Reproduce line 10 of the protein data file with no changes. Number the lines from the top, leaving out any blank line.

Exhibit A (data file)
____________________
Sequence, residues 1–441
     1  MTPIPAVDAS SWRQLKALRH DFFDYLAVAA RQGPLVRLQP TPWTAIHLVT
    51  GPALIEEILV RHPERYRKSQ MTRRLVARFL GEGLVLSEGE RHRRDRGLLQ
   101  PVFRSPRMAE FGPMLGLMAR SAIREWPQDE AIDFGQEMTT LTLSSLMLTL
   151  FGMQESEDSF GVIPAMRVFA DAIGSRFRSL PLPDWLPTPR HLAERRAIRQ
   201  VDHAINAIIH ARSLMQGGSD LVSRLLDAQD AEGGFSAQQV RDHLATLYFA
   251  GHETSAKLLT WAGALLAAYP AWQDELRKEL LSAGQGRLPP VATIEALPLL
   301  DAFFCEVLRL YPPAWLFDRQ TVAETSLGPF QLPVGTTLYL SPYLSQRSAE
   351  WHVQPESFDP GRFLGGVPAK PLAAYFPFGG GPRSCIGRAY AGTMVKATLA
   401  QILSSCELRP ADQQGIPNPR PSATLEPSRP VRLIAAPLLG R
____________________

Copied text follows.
   401  QILSSCELRP ADQQGIPNPR PSATLEPSRP VRLIAAPLLG R